Chief Justice of India N V Ramana on Saturday said he is not a sophisticated speaker and learnt English in Class 8.
The comment was in response to Solicitor General Tushar Mehta's clarification that he was not even remotely suggesting that only farmers are responsible for air pollution in the Delhi-NCR region.
"Unfortunately I am not a sophisticated speaker. This is my drawback as I learnt English in Class 8. I don't have good English for expressing words. I studied law in the English language," the chief justice told Solicitor General Mehta, who was appearing for the Centre.
"The language in which our response as lawyers is taken might send the wrong message which was not the intention," Solicitor General Mehta had said.
He said he too had learnt his English in Class 8 and studied till graduation in Gujarati medium.
"We are sailing in the same boat. My law was in English medium," Solicitor General Mehta said.
The Supreme Court has termed the rise in air pollution in the Delhi-NCR region an "emergency" and asked the Centre and the Delhi government to take immediate measures to improve air quality, suggesting steps such as stopping vehicles and clamping a lockdown in the national capital.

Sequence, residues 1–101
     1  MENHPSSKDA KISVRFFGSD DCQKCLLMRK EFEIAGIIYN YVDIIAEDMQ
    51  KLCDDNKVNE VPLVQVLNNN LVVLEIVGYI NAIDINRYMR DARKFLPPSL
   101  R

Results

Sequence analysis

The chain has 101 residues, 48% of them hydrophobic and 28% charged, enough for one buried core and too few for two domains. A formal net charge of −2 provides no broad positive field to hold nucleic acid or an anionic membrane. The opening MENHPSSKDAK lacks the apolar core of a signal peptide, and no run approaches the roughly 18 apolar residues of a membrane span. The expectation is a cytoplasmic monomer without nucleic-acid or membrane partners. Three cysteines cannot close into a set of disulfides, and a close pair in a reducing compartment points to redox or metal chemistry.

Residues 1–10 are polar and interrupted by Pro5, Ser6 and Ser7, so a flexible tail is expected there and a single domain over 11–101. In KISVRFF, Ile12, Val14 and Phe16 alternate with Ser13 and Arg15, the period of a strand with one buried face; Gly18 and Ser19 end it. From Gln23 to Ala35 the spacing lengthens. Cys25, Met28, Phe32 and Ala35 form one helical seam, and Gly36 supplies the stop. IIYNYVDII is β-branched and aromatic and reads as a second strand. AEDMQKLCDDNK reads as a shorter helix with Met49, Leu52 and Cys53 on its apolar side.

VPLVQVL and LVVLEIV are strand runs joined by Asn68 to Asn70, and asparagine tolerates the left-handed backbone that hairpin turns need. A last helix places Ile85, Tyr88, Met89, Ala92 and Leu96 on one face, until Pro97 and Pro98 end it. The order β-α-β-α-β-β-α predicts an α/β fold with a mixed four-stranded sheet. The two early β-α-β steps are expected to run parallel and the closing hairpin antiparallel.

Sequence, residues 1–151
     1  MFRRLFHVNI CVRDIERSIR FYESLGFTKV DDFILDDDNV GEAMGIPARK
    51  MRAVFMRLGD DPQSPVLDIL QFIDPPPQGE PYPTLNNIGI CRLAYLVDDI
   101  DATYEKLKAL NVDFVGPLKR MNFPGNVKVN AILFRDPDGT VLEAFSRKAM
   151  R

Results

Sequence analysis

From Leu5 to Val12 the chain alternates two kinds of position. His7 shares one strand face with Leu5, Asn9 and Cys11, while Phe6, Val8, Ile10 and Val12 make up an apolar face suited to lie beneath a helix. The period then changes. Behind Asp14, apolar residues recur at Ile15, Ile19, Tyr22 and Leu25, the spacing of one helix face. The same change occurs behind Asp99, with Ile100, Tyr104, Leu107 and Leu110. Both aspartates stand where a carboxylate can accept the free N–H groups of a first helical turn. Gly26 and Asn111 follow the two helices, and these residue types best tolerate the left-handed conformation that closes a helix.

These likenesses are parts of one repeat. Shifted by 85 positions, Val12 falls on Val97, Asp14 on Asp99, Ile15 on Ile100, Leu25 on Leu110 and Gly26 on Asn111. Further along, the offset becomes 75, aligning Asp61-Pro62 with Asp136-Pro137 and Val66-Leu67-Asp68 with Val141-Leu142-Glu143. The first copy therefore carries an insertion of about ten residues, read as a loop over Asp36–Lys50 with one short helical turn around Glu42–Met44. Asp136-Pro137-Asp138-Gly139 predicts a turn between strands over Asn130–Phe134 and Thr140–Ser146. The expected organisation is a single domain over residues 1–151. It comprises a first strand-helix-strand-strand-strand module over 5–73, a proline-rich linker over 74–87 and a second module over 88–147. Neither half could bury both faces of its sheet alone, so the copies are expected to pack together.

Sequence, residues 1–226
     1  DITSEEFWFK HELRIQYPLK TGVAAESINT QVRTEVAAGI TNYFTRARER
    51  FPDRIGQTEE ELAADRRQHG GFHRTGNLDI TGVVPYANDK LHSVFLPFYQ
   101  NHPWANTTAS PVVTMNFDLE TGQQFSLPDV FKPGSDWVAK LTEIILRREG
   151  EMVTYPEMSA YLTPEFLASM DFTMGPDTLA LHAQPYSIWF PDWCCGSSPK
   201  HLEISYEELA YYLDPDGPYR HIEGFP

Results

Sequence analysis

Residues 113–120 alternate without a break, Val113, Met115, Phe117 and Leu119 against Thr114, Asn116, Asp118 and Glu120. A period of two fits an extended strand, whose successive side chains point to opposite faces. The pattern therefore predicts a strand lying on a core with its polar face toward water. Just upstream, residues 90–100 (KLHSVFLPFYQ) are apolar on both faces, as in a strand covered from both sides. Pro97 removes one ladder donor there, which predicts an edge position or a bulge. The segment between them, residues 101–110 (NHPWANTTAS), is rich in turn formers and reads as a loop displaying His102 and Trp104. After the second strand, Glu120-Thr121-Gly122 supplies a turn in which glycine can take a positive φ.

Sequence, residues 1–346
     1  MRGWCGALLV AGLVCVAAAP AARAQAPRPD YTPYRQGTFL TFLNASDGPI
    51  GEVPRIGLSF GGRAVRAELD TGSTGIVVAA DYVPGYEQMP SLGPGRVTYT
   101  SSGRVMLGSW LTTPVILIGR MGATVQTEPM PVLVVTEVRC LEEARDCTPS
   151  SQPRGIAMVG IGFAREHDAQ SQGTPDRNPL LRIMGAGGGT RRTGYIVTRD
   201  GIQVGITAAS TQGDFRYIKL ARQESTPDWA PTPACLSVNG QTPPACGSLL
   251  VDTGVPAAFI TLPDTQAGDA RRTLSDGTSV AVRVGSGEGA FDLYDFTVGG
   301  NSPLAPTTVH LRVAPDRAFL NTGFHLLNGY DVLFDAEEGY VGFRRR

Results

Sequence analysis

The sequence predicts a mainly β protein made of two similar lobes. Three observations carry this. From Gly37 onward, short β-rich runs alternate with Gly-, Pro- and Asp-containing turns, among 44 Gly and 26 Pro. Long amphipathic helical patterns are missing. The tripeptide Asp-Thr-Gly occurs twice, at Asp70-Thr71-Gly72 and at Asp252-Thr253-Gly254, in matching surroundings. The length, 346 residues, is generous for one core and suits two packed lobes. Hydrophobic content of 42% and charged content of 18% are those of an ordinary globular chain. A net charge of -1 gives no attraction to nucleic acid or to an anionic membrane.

"We want the pollution to decrease ultimately. Nothing else," the chief justice said.
The bench, also comprising Justices D Y Chandrachud and Surya Kant, said there are other reasons for pollution such as vehicular emissions, firecrackers and dust, and singling out stubble burning is not the solution.
"Your projection is as if farmers are responsible for this pollution. Seventy per cent. First let the Delhi people be controlled. Where is the effective mechanism to control fire crackers, vehicle pollution etc?"
"We understand some per cent is stubble burning. Rest is crackers, vehicular pollution, industries, dust pollution etc. You tell us how to bring AQI levels from 500 to 200 points in Delhi. Take some immediate urgent measures like a two-day lockdown," the bench said.
The observations came while hearing a plea filed by environmental activist Aditya Dubey and law student Aman Banka, who sought directions to provide stubble-removing machines to small and marginal farmers for free.